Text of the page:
On an issue raised by the motion to suppress the confession, the State need not establish the voluntary nature of a confession beyond a reasonable doubt; it is sufficient to show by a preponderance of the evidence that it was voluntary. (People v. Baker (1973), 9 Ill.App.3d 654, 292 N.E.2d 760; People v. Schultz (1972), 8 Ill.App.3d 827, 291 N.E.2d 194.) The question of whether a confession is voluntary is for the trial court to decide, and a reviewing court will not disturb the trial court’s decision unless it can be said that its finding was against the manifest weight of the evidence. (People v. Hawkins (1972), 53 Ill.2d 181, 290 N.E.2d 231; People v. Kirk (1966), 36 Ill.2d 292, 222 N.E.2d 498.) Whether a statement is voluntarily given depends on the totality *1063of circumstances and not on any one factor. The test is whether it has been made freely, voluntarily and without compulsion or whether the defendant’s wiU was overcome at the time he confessed. People v. Prim (1972), 53 Ill.2d 62, 289 N.E.2d 601.
We hold that the trial court did not err in finding the confession was made freely, voluntarily and without compulsion or inducement. Defendant testified that he was exhausted, but not beaten; that he was promised leniency if he gave a statement; that he was not informed of his constitutional rights; and that, in any event, he did not give a statement to the police. Officer Sykes, on the other hand, testified that he informed defendant of his constitutional rights; that defendant stated that he did not mind talking; and that defendant freely gave an oral statement which was not reduced to writing. The issue of the voluntariness of the statement thus became one of the credibüity of the witnesses, a matter within the province of the trial court.
Defendant’s argument that his confession was incredible is based upon his assertion that Officer Sykes contradicted himself in his testimony. Defendant maintains that Sykes, at the hearing on the motion, testified that it was the white man’s repression which caused defendant to confess to the robbery, while at trial Sykes testified that it was the white man’s repression which caused defendant to commit the robbery. Even if defendant’s factual assertion were accurate, we do not believe that Officer Sykes’ testimony necessarily would be incredible. It weH might be that defendant confessed to the crime for the same reason he committed it. Moreover, a careful reading of Sykes’ testimony at the hearing on the motion reveals that when he mentioned defendant’s comment on the white man’s repression, Sykes was not stating this fact as defendant’s motive for confessing the robbery. The trial court did not err in denying defendant’s motion to suppress his statements.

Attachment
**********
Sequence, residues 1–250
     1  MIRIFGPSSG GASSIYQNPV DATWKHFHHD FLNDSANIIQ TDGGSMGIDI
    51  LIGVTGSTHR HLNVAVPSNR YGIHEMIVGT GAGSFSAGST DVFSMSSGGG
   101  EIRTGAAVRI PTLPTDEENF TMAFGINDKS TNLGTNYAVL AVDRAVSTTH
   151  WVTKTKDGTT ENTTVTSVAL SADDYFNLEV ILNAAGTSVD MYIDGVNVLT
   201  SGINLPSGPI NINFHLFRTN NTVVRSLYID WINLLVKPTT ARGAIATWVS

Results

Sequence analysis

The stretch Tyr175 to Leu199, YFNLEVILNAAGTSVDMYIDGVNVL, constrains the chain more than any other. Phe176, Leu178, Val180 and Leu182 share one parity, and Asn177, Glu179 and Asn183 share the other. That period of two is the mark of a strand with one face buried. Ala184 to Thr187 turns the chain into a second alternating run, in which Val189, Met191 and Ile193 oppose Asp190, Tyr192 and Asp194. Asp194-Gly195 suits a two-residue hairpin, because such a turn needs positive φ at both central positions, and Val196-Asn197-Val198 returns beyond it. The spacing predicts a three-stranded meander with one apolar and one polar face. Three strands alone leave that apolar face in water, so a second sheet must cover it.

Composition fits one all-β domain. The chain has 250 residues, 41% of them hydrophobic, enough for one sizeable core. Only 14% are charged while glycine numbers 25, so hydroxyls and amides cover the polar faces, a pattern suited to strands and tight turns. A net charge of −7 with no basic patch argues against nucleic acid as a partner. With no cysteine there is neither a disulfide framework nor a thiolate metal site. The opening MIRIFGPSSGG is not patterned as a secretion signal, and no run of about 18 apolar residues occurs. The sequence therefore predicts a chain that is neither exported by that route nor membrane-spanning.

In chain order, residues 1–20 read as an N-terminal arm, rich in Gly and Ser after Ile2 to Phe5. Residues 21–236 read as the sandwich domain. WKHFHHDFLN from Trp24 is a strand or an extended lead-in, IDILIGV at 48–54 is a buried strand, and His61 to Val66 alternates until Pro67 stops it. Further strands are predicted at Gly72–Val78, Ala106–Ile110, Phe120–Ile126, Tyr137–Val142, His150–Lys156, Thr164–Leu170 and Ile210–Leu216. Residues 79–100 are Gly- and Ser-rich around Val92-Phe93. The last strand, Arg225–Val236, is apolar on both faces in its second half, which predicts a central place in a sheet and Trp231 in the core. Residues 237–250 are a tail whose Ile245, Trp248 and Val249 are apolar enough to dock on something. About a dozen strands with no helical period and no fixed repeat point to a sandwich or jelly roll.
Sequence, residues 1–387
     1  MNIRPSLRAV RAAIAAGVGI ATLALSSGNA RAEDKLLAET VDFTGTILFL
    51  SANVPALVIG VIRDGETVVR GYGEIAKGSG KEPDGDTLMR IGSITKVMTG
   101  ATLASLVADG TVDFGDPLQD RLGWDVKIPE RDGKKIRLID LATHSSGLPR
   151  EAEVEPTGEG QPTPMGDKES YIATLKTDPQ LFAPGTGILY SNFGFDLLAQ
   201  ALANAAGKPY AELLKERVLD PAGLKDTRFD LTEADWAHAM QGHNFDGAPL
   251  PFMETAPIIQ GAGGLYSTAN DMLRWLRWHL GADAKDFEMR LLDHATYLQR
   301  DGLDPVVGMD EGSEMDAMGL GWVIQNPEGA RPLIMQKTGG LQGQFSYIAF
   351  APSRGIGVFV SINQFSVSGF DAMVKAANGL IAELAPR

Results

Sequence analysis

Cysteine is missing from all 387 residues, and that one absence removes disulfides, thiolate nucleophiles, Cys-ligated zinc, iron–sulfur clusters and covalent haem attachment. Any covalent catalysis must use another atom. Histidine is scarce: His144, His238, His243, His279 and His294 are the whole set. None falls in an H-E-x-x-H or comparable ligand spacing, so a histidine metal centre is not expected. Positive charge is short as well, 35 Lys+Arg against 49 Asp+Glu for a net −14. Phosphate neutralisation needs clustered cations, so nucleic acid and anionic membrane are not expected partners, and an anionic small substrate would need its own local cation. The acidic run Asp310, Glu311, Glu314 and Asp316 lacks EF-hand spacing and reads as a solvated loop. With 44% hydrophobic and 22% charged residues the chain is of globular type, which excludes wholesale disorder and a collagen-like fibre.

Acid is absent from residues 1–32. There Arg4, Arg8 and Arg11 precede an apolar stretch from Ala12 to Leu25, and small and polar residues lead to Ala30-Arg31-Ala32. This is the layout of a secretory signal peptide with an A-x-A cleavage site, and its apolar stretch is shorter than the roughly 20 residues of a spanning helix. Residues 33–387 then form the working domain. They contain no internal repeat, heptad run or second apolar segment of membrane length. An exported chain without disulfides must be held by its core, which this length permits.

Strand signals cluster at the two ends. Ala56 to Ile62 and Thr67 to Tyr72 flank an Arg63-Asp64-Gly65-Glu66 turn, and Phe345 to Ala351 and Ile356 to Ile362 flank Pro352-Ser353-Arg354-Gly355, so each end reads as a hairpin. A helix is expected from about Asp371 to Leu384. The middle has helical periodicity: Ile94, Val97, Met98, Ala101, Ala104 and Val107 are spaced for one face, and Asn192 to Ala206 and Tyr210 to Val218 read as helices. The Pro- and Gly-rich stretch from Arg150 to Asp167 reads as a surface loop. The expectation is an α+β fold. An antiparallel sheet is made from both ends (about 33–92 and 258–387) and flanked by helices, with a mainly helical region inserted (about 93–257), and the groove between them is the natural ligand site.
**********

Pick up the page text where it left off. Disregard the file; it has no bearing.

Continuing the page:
Defendant’s next contention that he was not proved guilty of the crime beyond a reasonable doubt is conditioned on his claim that the confession was improperly introduced into evidence. Defendant concedes that, with the oral confession, the State’s evidence was sufficient to convict him. In view of our holding that the confession was properly allowed into evidence, it is unnecessary to further consider this argument.
Defendant’s third contention is that the trial court improperly restricted his cross-examination of a State witness when he would not permit Officer King to testify whether it was police department policy to reduce oral confessions to writing.
In order to preserve a question of whether evidence was erroneously excluded for review, an offer of proof as to what the testimony would *1064be is necessary. (People v. Burris (1971), 49 Ill.2d 98, 273 N.E.2d 605.) The record reveals no offer of proof being made, and the issue was not preserved. Moreover, the extent of cross-examination rests within the sound discretion of the trial judge, and only when the abuse of that discretion results in manifest prejudice to the defendant will this court interfere. (People v. Nicholls (1969), 42 Ill.2d 91, 245 N.E.2d 771.) In the instant case, no manifest prejudice resulted to the defendant because of the trial court’s ruling.
Defendant’s final contention is that he was prejudiced by certain improper testimony of Officer Sykes. Officer Sykes testified that all the witnesses at the line-up identified defendant. The trial judge immediately sustained defense counsel’s objection and instructed the jury to disregard the remark. The court also gave a cautionary instruction admonishing the jury to disregard testimony which tire court had stricken. In view of the prompt action of the trial judge, we believe that the improper statement resulted in no prejudice to defendant. See People v. Wilson (1972), 51 Ill.2d 302, 281 N.E.2d 626.
Accordingly, the judgment of the circuit court of Cook County is affirmed.
DEMPSEY, P. J., and McGLOON, J., concur.